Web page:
Re: Dimensional Analysis
Indeed, unless I am mistaken (sorry for the bad format, it’s late
and I have to wake up very early tomorrow; some other day I’ll try itex),
[alpha] = [C^2]/([F/m] [J s] [m/s])
= [C^2]/([C^2/(m J)] [J s] [m/s])
= [C^2]/([C^2 s^2/(kg m^3)] [kg m^2/s] [m/s])
([] indicates units, C=Coulomb, F=Farad, J=joule, etc)
The only fundamental unit above is the electric charge unit. The others, kg, s and m are our inventions and are not fundamental. One for instance could set a new unit of time as being the meter, so that one meter of time is the time it takes light to travel one meter. (Then c=1, dimensionless). It could be set as any unit of length one wishes in their wildest dreams.
If that is logical, what if one uses the Planck length as a new unit of time? Or more reasonably yet, choose the Planck units altogether, and you have that e = sqrt(alpha) in these units. The Planck length, etc, is a fundamental property of free space, and does not depend on any object or elementary particle arbitrarily chosen. Hence, if you use the Planck units, which are defined independently of the elementary charge, then a variation in the value of alpha would have to be considered due to a variation in the elementary charge.
Please let me know if I am wrong somewhere or whether I did not understand your question; perhaps it is more subtle than I realize.
Best regards,
Christine
PS: BTW thanks for the references, I’ll take a look at them.
Re: Dimensional Analysis
I think part of the problem is that we are accustomed to viewing scalar quantities as numbers, when in fact they are often (multiplicative) torsors instead. A torsor can be multiplied by a number, but isn’t actually a number itself. One can multiply and divide torsors together but then one gets a torsor in a different space. The units only come in as a kind of non-canonical functor from the category of torsors (or torsor spaces) to the category of numbers (or of R).
So long as one is content to work with torsors and not numbers, there is no distinction between dimensionless or dimensionful physical quantities. There is still, however, a meaningful distinction between being dependent on units and being independent of units, but the latter can be seen simply by inspecting the definition of the quantity. For instance, the speed of light c, when viewed as a torsor, is independent of units, which is obvious from definition. However, the speed of light, divided by the unit length, times the unit speed (which in SI units would be the number 299792458) is blatantly dependent on the choice of units.
A quantity is dimensionless if its torsor can be canonically identified with a number. This has nothing to do with whether it depends on units or not. But: if the torsor quantity is independent of units, and the torsor is dimensionless, then clearly the numerical quantity associated to the torsor is also independent of units. That’s why the numerical value of (say) the fine structure constant is independent of units.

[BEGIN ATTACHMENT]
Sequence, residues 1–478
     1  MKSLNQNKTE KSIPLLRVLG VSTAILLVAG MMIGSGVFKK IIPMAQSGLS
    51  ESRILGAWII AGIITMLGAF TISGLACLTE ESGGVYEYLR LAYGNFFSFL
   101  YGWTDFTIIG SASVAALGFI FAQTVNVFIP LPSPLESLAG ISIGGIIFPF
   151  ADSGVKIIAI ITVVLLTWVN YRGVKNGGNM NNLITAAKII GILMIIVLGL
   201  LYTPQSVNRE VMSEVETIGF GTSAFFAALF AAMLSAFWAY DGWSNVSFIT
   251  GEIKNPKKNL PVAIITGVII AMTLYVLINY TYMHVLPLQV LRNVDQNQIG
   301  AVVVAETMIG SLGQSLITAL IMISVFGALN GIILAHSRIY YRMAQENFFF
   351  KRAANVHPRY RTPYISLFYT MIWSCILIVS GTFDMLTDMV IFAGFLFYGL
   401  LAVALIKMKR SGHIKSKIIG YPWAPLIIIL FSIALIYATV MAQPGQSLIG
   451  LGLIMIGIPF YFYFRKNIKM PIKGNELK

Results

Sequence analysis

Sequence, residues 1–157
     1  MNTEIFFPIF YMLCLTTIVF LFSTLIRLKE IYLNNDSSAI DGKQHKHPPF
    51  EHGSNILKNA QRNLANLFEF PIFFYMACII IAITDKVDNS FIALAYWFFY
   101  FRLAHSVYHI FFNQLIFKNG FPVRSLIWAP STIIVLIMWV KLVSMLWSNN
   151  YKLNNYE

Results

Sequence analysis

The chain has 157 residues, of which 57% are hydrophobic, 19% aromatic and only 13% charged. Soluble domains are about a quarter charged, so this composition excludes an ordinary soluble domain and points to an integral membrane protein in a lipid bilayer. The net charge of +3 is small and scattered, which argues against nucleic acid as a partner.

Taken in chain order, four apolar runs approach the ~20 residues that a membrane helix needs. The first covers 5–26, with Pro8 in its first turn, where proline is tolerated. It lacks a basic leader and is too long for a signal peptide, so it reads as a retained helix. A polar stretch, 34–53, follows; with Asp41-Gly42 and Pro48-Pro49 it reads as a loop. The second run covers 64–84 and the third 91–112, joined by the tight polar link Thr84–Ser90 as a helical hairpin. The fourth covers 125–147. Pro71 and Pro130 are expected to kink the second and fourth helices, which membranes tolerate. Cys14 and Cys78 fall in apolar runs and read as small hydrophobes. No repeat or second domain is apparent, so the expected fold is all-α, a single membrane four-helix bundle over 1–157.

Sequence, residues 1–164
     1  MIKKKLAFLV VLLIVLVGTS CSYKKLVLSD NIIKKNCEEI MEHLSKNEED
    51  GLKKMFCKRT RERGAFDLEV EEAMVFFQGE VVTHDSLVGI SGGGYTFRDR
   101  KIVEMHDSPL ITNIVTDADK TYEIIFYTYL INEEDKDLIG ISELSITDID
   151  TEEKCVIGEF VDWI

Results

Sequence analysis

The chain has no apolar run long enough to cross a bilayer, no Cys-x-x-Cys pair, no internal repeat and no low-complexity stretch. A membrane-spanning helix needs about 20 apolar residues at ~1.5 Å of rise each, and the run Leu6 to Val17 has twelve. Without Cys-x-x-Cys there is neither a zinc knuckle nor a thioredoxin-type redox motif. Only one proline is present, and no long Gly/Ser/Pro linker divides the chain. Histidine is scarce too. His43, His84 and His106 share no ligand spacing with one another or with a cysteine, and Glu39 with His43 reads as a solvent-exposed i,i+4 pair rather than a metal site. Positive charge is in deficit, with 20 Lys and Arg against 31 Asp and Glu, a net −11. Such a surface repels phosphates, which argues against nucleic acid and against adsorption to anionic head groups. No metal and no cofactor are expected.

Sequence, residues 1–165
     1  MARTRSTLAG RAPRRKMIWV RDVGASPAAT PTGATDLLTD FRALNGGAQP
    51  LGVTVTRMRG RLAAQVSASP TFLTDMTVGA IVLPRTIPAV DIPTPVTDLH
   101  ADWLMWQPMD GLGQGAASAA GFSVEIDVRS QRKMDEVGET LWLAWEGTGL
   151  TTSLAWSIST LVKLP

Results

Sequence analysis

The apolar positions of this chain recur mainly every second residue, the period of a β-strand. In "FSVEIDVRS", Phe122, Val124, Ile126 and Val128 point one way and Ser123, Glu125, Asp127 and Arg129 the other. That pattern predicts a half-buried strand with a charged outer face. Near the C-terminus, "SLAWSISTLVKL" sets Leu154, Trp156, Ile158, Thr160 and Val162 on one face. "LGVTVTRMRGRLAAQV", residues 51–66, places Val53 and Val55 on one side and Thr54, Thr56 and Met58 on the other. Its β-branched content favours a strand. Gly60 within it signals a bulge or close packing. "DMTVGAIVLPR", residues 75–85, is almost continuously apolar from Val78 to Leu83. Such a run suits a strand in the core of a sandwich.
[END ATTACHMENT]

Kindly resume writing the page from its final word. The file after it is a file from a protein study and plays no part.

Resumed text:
It turns out that identifying some torsors (such as the torsors for mass, length, and time) uniquely generate the identification for many other torsors too (leaving aside the role of charge, etc. for now). In particular, the multiplicative group R_+^3, which acts on the identifications between the mass torsors, length torsors, time torsors, and numbers (otherwise known as the unit mass, unit length, and unit time), then naturally acts on the identifications of all other torsors as well. The weight of that representation is the dimension of those torsors. One could of course choose other torsors to be the generators (provided they are a basis), and one would get a slightly different looking, but equivalent, notion of dimension.
isomorphisms of models
I think units are data that specify isomorphisms of models (where I use model in a sense like here).
“Dimensionful constants” are quantities that do depend on a choice of representative in an isomorphism class of models.
“Dimensionless constants” are quantities that do not depend on a choice of representative in an isomorphism class of models.
Here is a simple example.
Assume for the moment that we are interested in the model of reality which says that the space we observe is a Euclidean 3-dimensional vector space
(1)$V$
containing exactly two Newtonian point masses.
Back in the past, somebody came along and figured out an isomorphic model. Namely, he drew two coplanar ellipses into $\mathbb{R}^3$ and claimed that this is the right model for the observed two point masses.
Apart from saying what kind of models we consider, we need to say what a morphism is between two models. In the present case, we would want to agree that a morphism of models is a morphism of vector spaces which respects angles.
Now, $\mathbb{R}^3$, equipped with its standard scalar product, is a 3-dimensional Euclidean vector space.
In the above sense, $\mathbb{R}$^3 is isomorphic to $V$ - but not canonically so.
A choice of isomorphism
(2)$\mathbb{R}^3
\stackrel{\simeq}{\to}
V$
is precisely what we call a choice of unit of length.
Using the Euclidean scalar product on either $\mathbb{R}^3$ or on $V$, we may compute, say, the major diameter of our two ellipses. In general, the number we get for our ellipses in $\mathbb{R}^3$ and $V$ will differ. The difference (the quotient, actually) is measured by our isomorphism
$\mathbb{R}^3 \stackrel{\simeq}{\to}
V$,
namely by our unit of length.
So the size of our ellipses is “dimensionful” (dimension of length in this case). It depends on a choice of isomorphism.
Other quantities of our model are independent of the choice of isomorphism. For instance the quotient of the major diameter of one ellipse with that of the other.